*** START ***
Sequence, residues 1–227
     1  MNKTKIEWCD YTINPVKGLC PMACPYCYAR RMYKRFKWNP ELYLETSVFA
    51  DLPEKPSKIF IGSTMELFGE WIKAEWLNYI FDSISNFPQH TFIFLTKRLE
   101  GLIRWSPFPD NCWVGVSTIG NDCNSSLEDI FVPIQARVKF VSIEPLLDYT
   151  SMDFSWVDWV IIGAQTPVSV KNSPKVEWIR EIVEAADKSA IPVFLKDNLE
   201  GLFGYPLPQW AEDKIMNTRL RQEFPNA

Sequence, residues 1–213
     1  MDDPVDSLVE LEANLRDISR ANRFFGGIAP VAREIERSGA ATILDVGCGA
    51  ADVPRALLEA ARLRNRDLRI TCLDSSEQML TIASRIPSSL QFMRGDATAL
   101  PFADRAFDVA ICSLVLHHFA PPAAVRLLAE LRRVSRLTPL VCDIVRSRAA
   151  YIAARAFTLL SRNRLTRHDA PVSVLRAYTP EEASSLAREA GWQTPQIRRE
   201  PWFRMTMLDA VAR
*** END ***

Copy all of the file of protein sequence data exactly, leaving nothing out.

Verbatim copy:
Sequence, residues 1–227
     1  MNKTKIEWCD YTINPVKGLC PMACPYCYAR RMYKRFKWNP ELYLETSVFA
    51  DLPEKPSKIF IGSTMELFGE WIKAEWLNYI FDSISNFPQH TFIFLTKRLE
   101  GLIRWSPFPD NCWVGVSTIG NDCNSSLEDI FVPIQARVKF VSIEPLLDYT
   151  SMDFSWVDWV IIGAQTPVSV KNSPKVEWIR EIVEAADKSA IPVFLKDNLE
   201  GLFGYPLPQW AEDKIMNTRL RQEFPNA

Sequence, residues 1–213
     1  MDDPVDSLVE LEANLRDISR ANRFFGGIAP VAREIERSGA ATILDVGCGA
    51  ADVPRALLEA ARLRNRDLRI TCLDSSEQML TIASRIPSSL QFMRGDATAL
   101  PFADRAFDVA ICSLVLHHFA PPAAVRLLAE LRRVSRLTPL VCDIVRSRAA
   151  YIAARAFTLL SRNRLTRHDA PVSVLRAYTP EEASSLAREA GWQTPQIRRE
   201  PWFRMTMLDA VAR